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close this bookTeaching Conservation in Developing Nations (Peace Corps)
close this folderChapter 3: Conservation education in a health center
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View the documentNutrition
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View the documentSource material - Chapter 3

Nutrition

The results of malnutrition on a nation's development cannot be ignored. When a large portion of the population is unable to realize its potential due to improper physical development or disease caused by poor diet, the loss to the nation is great. The periods of infancy and childhood require sizeable resources from both the family and the nation in terms of food and health care. When a child dies in adolescence, his/her use of those resources is totally lost. If he/she does not have a reasonably long or useful working life, again the food and health care used in his development will not be fully repaid, and the nation is losing a valuable natural resource.

The World Health Organization believes that protein calorie deficiency is the greatest public health problem in the world today. A health center conservation project that could be developed in cooperation with an agricultural agency would demonstrate how to develop better soil, how to choose an acceptable protein-rich plant food to grow, and how to prepare it for eating. (Protein-rich soybeans might be a possible crop to introduce). You will need a piece of land for a demonstration garden (see Appendix C for growing information and Chapter 5 for agricultural information).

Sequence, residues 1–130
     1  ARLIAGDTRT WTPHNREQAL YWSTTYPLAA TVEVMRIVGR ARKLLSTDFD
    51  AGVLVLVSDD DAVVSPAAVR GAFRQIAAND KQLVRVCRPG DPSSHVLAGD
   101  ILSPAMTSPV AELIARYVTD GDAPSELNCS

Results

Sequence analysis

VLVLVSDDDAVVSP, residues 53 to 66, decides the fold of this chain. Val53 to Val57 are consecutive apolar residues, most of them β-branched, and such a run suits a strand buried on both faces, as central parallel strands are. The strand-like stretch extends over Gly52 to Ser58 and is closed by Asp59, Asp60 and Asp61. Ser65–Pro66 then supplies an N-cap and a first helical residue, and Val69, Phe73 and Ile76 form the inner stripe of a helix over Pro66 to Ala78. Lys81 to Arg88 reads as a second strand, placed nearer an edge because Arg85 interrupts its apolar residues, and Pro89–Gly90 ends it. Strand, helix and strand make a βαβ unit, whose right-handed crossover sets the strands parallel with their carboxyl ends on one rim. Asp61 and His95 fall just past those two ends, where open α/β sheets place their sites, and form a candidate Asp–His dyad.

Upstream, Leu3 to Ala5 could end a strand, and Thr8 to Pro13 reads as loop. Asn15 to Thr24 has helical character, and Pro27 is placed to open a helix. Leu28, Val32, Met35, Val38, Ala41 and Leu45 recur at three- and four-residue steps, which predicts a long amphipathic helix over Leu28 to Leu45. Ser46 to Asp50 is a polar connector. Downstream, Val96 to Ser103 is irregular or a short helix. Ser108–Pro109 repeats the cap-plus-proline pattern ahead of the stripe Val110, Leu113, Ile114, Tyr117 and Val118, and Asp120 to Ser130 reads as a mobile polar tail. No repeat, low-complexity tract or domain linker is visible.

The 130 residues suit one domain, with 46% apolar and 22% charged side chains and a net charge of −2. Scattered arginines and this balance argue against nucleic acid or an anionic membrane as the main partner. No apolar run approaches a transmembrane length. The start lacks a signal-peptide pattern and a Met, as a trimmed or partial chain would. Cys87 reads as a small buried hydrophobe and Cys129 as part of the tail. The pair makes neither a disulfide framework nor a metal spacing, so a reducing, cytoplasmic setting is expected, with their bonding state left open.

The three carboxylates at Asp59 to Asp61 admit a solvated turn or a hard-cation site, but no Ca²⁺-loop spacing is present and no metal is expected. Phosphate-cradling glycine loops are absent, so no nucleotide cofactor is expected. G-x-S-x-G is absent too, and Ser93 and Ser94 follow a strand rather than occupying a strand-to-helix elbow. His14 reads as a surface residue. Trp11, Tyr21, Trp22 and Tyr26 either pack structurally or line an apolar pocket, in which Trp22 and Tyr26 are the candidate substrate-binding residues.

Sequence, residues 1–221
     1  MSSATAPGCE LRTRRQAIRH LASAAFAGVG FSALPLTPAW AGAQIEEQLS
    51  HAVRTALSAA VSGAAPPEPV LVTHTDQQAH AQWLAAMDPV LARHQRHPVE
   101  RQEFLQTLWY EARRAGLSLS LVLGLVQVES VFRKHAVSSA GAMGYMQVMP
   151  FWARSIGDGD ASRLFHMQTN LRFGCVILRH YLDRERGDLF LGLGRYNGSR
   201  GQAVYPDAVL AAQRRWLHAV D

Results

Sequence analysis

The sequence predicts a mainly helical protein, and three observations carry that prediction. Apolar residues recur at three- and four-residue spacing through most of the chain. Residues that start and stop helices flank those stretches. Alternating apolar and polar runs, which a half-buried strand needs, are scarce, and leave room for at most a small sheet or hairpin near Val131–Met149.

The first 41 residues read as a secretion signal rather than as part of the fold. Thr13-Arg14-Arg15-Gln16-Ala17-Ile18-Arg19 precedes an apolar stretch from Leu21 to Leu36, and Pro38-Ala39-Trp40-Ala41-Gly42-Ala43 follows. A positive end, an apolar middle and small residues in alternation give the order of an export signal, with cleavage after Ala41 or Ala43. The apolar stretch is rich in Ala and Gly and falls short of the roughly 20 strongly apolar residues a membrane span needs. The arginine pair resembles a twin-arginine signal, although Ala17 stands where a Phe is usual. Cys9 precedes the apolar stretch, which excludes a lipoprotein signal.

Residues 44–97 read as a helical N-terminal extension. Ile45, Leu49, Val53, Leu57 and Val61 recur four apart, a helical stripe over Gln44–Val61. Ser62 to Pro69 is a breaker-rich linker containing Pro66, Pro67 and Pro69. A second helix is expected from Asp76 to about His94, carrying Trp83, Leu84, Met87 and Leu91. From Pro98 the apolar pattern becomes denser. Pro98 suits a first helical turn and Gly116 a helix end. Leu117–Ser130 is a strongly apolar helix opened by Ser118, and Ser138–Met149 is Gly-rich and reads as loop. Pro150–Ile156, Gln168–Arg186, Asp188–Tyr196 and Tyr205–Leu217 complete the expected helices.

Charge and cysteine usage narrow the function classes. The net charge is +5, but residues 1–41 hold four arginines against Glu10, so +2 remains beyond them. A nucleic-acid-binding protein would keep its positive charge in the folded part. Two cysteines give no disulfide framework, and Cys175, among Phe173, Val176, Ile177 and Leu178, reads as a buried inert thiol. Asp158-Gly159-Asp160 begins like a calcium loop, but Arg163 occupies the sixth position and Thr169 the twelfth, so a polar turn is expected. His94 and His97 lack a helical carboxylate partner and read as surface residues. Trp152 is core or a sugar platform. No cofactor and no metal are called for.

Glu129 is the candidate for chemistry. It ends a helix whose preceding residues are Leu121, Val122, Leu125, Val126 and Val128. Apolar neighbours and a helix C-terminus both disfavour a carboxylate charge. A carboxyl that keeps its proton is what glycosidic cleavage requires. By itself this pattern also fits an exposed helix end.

If other kinds of diet deficiencies are an important problem in your area, a demonstration garden could grow those plant foods which would eliminate the deficiencies. You would have to work with the agricultural agent to identify which plants would grow well, and would also be culturally acceptable to these garden demonstrations. If the climate is suitable, papaya trees could be introduced to provide an easily grown source of vitamins A and C.

Another possibility might be the introduction of fish culture through a program following the Peace Corps/VITA manual, Freshwater Fish Pond Culture and Management Fish are an important protein-rich food and to grow fish in ponds is a more certain way of supplying fish for food than trying to catch fish from lakes, rivers or streams.

Nutrition education can be supported through the schools where children can learn the basic principles of good nutrition. They could grow fresh vegetables or fruits in a school demonstration garden, which they could take home to eat. A government-sponsored food program might be available to provide school children with a nutritionally balanced meal each day.

If floods or erosion are a frequent cause of crop loss in your area, you should encourage efforts in flood and erosion control by farmers, with help from agricultural agents, which would improve the local food supply. (See Chapter 5).

Where food supplies are threatened by loss during preservation and storage, improvement such as that detailed in the Peace Corps/VITA manual, Small Farm Grain Storage (see Chapter Sources), should be actively encouraged and supported by cooperative efforts with agricultural agents. Proper storage can reduce grain loss from 33% to 3% thus making an increased quantity of food available.

In urban areas, nutritional problems are intensified by the fact that consumer goods compete for whatever money is earned, and often the family diet loses out in this competition. An approach to this problem could be to illustrate, by using a flannelgraph story in the health center, that the balanced nutritious diet improves weight, muscular strength, endurance, and capacity to work as well as resistance to disease All of these qualities would tend to increase a person's ability to compete successfully in his/her environment.


Flannelghaph demonstration

Perhaps you could locate some land within the urban area which could be transformed into a community garden for supplementary food needs.

The health center should actively promote food cultivation as a health conservation measure. The health center must be the leader in suggesting and developing ideas to improve the community's nutrition. For an excellent book on the subject, see Learning Better Nutrition by Jean Ritchie/FAO (See Chapter Sources).